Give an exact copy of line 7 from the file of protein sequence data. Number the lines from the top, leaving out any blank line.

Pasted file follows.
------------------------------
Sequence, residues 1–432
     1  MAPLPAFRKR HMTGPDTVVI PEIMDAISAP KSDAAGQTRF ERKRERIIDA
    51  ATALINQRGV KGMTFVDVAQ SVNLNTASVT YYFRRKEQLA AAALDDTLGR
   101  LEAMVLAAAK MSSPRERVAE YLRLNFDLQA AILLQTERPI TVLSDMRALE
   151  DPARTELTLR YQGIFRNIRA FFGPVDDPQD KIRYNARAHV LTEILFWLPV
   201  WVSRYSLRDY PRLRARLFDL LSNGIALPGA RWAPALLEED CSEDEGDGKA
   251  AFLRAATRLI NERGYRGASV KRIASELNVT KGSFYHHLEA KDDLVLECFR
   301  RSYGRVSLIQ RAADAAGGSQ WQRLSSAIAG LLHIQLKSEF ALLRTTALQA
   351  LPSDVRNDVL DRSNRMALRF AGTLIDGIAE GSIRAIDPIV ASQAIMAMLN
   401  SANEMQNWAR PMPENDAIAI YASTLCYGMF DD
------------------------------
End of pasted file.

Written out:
   251  AFLRAATRLI NERGYRGASV KRIASELNVT KGSFYHHLEA KDDLVLECFR